Monday, June 2, 2014

Tammy Kaehler Hits the Indy 500

Tammy Kaehler writes racing mysteries and she's here at Mystery Playground today to report back on her insider trip to the Indy 500...

Ten years ago, I signed on for some extra contract work in addition to the marketing writing I was providing a mortgage company. That took me, of all places, to a racetrack. I knew nothing about racing at the time…. 

Fast-forward three months, four races, and a couple great new friends—women who worked as drivers, instructors, and engineers—and I was hooked. I hatched a plan to share the crazy, fascinating world of racing with mystery readers (รก la Dick Francis and horse racing). It was a few years before the first Kate Reilly Racing Mystery took the green, if you will. But since the publication of Dead Man’s Switch in 2011, I haven’t looked back. 

What I have done is a lot of research. This research can look a lot like me sprawled on the couch, snacks and soda to hand, watching racing on a sunny weekend day (as my husband plays the role of spouse-disgusted-by-sloth). But sometimes the research means I see races in person. 

And sometimes, the research is epic. That was the case over Memorial Day weekend, when I attended my first Indy 500 (see photo for proof). Except that doesn’t give the race its due. Ahem. On Sunday, May 25, I attended the Greatest Spectacle in Racing, the 98th running of the Indianapolis 500.

Though I’m not yet ready to write about my series protagonist, Kate Reilly, racing in the Indy 500, I made the trek to the Brickyard (as the 105 year-old Indianapolis Motor Speedway is known) this year for two reasons: friends I’d not yet met and a whole lot of pink.

The friends part has to do with the tribe of wonderful, enthusiastic, and friendly race fans I’ve found and joined on social media—primarily on Twitter. While I was there, I connected with two dozen people I know from Twitter. All race-crazy, fun people wildly diverse and divergent lives who enjoy hanging out with each other at races and online. Many of them could be readers or resources for future books. Some of them could be (and now are) good friends.

The second reason I went this year was to see a pink car on-track.

I write about a fictional female racecar driver. Pippa Mann is a real-life racecar driver who struggles every year to put together enough sponsorship dollars to fund a racing program for a season. Or for a race. This year she assembled a great group of sponsors all willing to support a great cause: the Susan G. Komen foundation for breast cancer research.

Pippa was kind enough to read my books, spend time talking to me (I almost fell over when she told me, “you really get a lot of it right” about my character), and offer to get me into her garage and next to her racecar at Indy. Plus, the fight against breast cancer is a cause I believe in—so much so that I connected Kate to a breast cancer non-profit in my second book, Braking Points.

All of that meant I had to be in Indy to see the car. So I joined the #PippaGoesPink movement, bought and packed a bunch of pink gear, and headed to the iconic race. I’ll be honest, the first time I saw Pippa rolling out of pit lane for practice? I had tears in my eyes.

One of the highlights of the weekend—because I like seeing how things work “backstage”—was my visit to Pippa’s garage. In a not-really-spare eight minutes between on-camera interviews and meetings with her race engineer, Pippa answered a couple basic questions for me. Then she posed for photos and showed me where she stores her gear and meets with her team. All so I could visualize the scene for Kate’s future adventures.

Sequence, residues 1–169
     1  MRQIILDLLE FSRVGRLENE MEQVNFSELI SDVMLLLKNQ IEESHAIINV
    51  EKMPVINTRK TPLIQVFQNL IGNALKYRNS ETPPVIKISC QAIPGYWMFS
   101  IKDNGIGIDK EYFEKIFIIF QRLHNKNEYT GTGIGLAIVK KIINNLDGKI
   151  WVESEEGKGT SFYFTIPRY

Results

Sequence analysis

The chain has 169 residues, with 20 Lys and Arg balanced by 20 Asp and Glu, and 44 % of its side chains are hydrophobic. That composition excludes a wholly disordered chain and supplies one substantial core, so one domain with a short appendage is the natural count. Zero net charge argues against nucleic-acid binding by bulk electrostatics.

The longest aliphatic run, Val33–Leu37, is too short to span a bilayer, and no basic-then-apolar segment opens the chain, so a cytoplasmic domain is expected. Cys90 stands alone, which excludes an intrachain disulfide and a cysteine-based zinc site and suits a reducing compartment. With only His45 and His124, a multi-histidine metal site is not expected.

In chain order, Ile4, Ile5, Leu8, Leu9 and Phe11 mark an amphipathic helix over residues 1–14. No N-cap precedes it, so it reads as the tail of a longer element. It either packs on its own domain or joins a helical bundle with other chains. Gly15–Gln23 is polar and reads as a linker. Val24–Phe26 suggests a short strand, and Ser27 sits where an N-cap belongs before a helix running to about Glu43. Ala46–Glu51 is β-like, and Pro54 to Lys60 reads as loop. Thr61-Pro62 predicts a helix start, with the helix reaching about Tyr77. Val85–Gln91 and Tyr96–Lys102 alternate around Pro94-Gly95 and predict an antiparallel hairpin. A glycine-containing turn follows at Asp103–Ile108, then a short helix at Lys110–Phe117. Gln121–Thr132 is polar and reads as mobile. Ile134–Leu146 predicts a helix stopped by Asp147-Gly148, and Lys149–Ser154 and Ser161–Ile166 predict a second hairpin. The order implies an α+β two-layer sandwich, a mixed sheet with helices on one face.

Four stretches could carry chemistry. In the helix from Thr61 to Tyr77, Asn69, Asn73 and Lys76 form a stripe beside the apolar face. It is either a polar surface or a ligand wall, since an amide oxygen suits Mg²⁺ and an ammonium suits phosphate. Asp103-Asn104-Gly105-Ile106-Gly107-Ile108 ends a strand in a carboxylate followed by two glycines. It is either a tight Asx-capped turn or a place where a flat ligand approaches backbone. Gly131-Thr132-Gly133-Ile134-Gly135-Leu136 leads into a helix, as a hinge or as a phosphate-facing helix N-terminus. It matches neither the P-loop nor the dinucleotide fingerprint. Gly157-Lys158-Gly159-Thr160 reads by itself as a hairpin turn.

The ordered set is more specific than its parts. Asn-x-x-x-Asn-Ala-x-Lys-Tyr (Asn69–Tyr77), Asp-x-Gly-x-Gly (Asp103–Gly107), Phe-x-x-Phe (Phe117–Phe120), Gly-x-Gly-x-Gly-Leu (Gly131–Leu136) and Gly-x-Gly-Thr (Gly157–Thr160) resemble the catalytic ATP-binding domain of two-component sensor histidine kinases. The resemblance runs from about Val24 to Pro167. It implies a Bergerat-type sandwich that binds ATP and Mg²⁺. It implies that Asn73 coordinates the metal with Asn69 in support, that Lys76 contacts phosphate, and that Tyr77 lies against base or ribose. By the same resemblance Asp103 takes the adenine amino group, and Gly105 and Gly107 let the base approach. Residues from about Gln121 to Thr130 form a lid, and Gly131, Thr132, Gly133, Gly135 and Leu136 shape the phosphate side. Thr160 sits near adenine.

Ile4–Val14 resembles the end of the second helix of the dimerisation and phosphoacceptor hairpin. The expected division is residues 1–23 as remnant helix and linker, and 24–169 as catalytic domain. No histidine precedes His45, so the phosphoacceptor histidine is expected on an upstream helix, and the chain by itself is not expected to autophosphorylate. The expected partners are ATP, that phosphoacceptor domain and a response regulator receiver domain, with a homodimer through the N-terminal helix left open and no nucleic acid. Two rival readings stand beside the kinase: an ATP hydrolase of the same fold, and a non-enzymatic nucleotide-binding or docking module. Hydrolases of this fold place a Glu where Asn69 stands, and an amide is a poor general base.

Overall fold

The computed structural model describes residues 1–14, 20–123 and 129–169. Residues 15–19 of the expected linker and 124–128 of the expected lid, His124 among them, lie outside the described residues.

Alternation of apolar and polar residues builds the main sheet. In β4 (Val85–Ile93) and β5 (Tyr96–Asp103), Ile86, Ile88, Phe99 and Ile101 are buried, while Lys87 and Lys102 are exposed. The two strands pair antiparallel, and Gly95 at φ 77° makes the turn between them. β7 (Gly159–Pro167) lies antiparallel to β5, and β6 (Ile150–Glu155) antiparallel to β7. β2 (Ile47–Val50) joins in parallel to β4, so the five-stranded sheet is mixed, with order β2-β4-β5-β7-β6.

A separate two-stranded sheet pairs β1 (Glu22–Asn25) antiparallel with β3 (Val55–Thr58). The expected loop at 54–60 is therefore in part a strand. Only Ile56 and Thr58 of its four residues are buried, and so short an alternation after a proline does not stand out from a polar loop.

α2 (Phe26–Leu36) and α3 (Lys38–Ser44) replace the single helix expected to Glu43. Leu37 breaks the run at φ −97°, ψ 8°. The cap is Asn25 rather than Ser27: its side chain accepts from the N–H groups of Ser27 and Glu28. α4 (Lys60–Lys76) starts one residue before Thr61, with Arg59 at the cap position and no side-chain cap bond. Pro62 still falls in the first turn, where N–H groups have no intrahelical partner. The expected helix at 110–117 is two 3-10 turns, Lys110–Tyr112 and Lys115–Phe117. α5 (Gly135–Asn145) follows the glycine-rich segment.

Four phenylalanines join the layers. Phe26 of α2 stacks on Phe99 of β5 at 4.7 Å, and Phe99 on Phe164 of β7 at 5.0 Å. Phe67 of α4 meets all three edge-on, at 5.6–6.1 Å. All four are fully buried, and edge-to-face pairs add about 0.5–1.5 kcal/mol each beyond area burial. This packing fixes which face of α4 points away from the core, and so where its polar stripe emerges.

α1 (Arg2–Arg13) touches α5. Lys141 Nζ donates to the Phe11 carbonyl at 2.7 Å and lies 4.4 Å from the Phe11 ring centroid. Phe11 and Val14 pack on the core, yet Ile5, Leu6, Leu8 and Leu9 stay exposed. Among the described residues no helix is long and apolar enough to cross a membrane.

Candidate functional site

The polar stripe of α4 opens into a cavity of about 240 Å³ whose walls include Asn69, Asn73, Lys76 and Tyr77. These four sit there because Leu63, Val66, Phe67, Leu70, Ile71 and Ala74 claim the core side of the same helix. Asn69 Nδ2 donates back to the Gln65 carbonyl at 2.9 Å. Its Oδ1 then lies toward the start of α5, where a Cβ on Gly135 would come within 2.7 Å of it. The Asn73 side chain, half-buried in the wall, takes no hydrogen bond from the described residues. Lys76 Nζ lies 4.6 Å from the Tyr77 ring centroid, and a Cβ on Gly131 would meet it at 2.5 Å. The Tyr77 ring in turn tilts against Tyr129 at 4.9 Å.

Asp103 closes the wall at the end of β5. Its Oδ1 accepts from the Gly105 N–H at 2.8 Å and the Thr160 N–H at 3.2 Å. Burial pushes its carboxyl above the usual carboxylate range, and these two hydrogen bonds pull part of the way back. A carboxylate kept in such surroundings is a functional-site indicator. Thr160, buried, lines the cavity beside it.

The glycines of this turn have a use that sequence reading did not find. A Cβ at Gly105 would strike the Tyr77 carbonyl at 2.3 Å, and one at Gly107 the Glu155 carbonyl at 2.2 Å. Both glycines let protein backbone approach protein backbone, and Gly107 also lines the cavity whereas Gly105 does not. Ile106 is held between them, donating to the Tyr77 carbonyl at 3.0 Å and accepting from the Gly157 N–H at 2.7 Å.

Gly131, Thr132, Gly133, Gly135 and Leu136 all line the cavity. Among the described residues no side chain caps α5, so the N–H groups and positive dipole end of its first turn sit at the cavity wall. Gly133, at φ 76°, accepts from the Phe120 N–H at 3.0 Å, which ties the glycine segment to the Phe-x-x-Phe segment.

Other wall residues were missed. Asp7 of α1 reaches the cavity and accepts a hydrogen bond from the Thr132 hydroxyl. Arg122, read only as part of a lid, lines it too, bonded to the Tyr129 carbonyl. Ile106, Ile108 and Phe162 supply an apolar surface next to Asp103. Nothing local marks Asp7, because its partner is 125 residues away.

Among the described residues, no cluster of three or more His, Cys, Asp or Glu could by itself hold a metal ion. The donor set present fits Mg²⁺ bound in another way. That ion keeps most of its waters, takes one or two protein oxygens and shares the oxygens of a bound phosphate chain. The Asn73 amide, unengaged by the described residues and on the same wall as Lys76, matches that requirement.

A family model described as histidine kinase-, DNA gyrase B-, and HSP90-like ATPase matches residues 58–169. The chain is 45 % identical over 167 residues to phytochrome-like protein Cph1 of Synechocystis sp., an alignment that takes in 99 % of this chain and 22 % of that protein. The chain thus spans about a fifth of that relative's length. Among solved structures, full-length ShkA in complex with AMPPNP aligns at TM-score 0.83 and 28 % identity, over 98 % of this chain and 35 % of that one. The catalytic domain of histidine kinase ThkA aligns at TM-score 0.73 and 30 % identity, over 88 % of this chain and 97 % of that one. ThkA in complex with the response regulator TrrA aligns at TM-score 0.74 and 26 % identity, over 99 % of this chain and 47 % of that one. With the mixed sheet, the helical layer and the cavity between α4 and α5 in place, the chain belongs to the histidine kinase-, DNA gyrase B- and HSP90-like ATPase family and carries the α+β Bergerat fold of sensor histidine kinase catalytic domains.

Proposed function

When Pippa headed off to her next task, I tucked myself in a corner of the garage and observed. I watched crew members wrench on the car, joke with each other, and eat ice cream. I soaked in the sights and sounds. I chatted with a Pippa’s PR person and photographer. I tried to internalize the vibe of the place and the moment.

But honestly, the idea of absorbing everything I need to know about the Indy 500 in one trip is ludicrous. I know I’ll need to go back at least twice to be able to write a book about the race. As I said, writing about it is a long way off. But I’ve made a good start. 

Now that I’m back home, I’m eager to start spreading the word about Avoidable Contact, the third Kate Reilly Racing Mystery, which is due out in August. That one features Kate in a Corvette racecar for another iconic race, the 24 Hours of Daytona. 

I’m also extra motivated to start work on Kate’s fourth adventure (tentatively titled Hot Lap) … where Kate will take her first laps in an IndyCar. That’s the book that will point Kate in the direction of the history, the pomp and circumstance, and the magic of that May weekend in Indy. Start your engines!

In the meantime, if anyone wants to talk racing—whether you’re a fellow fan or you just want to ask what the heck I’m thinking—find me online (my website, Facebook and Twitter)  and find me at the world's largest mystery convention, Bouchercon, this November 13-16 in Long Beach, CA. Guests of honor at this year's convention include J.A. Jance, Edward Marston and Jeffery Deaver.

Before trying her hand at fiction, Tammy Kaehler established a career writing marketing materials, feature articles, executive speeches, and technical documentation. A fateful stint in corporate hospitality introduced her to the racing world, which inspired the first Kate Reilly racing mystery. Tammy works as a technical writer in the Los Angeles area, where she lives with her husband and many cars.


  1. What an amazing trip to make and now I need to check out Kate.

  2. Sounds like you had a ball, what a great trip!

  3. Thanks for a great post Tammy! Loved hearing about Kate and the race.

  4. Thanks for having me here! And yes, it was an incredible trip. So big and fun I'm still recovering more than a week later. :-)